Sunday, March 11, 2007

What is Gnosticism?

We are struggling to answer this very stubborn question. Why? Because we have realized after examinnig the literature recovered in the 1940s from Nag Hammadi, Egypt, that the rubric "Gnosticism" is a misnomer. It is a modern rubric that contemporary scholars have invented, rather than a word that describes a historical religion. Scholars built our modern understanding of Gnosticism to help us describe groups in the ancient world whom the leaders of the apostolic churches identified as deviant or heretical.

We understood these "heretical" Christians as participants within a larger religiosity, an umbrella religion we called Gnosticism. Gnosticism came to represent for us a form of religion in the ancient world that had turned against Judaism and Christianity, a perversion of traditional morality and piety as well as theology. It was described by scholars in the last century as a form of religiosity characterized by a negative view of the world and human existence, succumbing to nihilism and yearning for everything spiritual.

But this "golden bough" had broken. Analysis of the Nag Hammadi texts has shown us that there is no generic Gnostic religion. Rather there were a variety of Jews and Christians who were esoterically minded and yearned for the experience of "gnosis" - a direct meeting with God - and they had varying relationships with the apostolic churches or the synagogue. They all appear to have formed conventicles, study circles, or lodges in which they met for initiation into the mysteries of the Kingdom. But some of these people remained active members of the apostolic churches or synagogues, while also participating in the esoteric lodges. Others left the churches and synagogues, and only attended the lodges. These lodges were very distinct from each other in terms of social location, ritual performances, and even theological systems.

Even though there was no Gnosticism, I don't think this means that there were no Gnostics. So we must be very careful not erase the Gnostics in our post-modern reconsideration of Gnosticism as a mega-narrative that we created. What we need is to rethink the Gnostics and remap the second century so that it makes sense with the Nag Hammadi literature and the normative discourse that the Fathers of the apostolic churches were putting into place to suppress those whose Christian religiosity did not match their own. So yes, there were Gnostics. But who they were still remains to be fully understood.


Loren Rosson III said...


Thanks for this post. By whatever coincidence, I just gave my own take on the matter here, a bit different from yours.

You write:

Even though there was no Gnosticism, I don't think this means that there were no Gnostics. So we must be very careful not erase the Gnostics in our post-modern reconsideration of Gnosticism as a mega-narrative that we created.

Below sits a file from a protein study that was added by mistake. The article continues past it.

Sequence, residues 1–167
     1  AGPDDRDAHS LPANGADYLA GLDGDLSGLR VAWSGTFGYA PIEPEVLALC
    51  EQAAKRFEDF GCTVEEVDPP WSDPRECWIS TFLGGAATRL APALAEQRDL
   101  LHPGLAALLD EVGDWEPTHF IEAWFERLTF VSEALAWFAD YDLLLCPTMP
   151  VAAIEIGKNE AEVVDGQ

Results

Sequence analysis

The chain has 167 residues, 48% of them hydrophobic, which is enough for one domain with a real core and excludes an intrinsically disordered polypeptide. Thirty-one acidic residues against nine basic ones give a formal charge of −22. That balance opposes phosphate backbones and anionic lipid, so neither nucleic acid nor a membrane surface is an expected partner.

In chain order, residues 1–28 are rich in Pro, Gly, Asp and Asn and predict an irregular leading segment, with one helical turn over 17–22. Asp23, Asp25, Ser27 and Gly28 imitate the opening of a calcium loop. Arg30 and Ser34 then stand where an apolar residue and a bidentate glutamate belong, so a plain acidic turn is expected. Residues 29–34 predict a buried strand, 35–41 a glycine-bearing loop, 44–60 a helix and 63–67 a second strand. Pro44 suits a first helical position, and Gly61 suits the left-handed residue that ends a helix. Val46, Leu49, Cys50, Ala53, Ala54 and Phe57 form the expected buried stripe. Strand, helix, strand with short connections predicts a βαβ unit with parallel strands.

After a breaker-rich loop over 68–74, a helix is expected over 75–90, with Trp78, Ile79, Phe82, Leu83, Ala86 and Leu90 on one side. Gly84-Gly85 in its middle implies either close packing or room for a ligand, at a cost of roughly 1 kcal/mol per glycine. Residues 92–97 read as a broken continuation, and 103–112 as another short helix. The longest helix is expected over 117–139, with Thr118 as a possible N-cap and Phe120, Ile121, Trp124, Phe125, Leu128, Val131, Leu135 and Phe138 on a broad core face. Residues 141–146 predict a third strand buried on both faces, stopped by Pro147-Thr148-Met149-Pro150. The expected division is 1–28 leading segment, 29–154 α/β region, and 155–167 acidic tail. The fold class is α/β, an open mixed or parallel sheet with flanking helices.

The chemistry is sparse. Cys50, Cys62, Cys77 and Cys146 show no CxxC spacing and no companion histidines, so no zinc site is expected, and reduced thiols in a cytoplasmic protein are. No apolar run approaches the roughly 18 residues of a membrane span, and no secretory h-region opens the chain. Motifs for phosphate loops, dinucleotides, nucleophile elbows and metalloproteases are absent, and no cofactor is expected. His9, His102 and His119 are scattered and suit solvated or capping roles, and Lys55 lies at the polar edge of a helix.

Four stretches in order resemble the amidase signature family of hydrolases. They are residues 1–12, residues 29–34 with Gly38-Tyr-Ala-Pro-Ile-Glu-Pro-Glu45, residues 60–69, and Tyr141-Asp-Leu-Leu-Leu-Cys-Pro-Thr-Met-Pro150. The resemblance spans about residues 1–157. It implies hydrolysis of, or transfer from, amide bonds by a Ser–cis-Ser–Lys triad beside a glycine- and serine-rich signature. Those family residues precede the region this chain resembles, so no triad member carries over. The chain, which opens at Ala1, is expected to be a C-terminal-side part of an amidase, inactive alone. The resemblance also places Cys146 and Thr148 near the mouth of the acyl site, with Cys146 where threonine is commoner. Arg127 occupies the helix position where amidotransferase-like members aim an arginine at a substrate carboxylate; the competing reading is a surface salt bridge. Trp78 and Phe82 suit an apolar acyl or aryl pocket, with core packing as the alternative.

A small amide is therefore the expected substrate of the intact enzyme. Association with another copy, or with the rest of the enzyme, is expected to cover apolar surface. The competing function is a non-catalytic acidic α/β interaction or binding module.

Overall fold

I don't see how "there was no Gnosticism" squares with "there were Gnostics". I think there was/were both, though I prefer to use a lower-case "g" (rather than pluralizing) to indicate the diversity.

Jordan Stratford+ said...

Even though there was no Gnosticism...

To paraphrase a comment I just posted on Loren's blog;

I would suggest you go too far in dismissing the term "Gnosticism" - it's a handy soteriological definition of the Sethian/Valentinian/Thomasine/Johannite/Hermetic/Middle Platonist continuum.

Plese it seems has done a good job in finishing Williams' thesis - if "Iranaeus-defined world-hating dualism" isn't Gnostic (says K & W) , then what IS?

We (in the center mass of contemporary Gn experience) have been using a 4 point criteria to identify Gnosticism from the texts themselves;

- gnosis soteriology (throughout, esp. Theodoto)
- immanent pneumatology (as in Thomas)
- emanations cosmogeny (as in Ap. John)
- sacramental theology (as in Philip)

Using this matrix, 80 percent of the NHL complies as "Gnostic". However, much work remains before deciding to jettison the other 20 percent.

So, yes, unequivocally and without question there was "a Gnosticism"

Here's a thread you might find of interest:

April DeConick said...


Okay, this is what I make of the materials. I'm in these texts all the time and what I have come to understand is this.

The different Gnostic Christians - let's say the Valentinians and the Sethians - would never see themselves as participating in the same religion. They had completely different self-definitions. Even though we may see some commonalities in their myths, they didn't. All these groups of esoteric Christians in search of gnosis - a direct experience of God - did not identify with each other. Many identified against each other!

They also had different relationships with the apostolic churches and the synagogues. Some of the Gnostics attended ordinary churches and synagogues, while also attending a special conventicle. Others turned away from the apostolic churches and synagogues and worshiped only in the conventicle, with the understanding that they were the only true expression of Christianity or Judaism.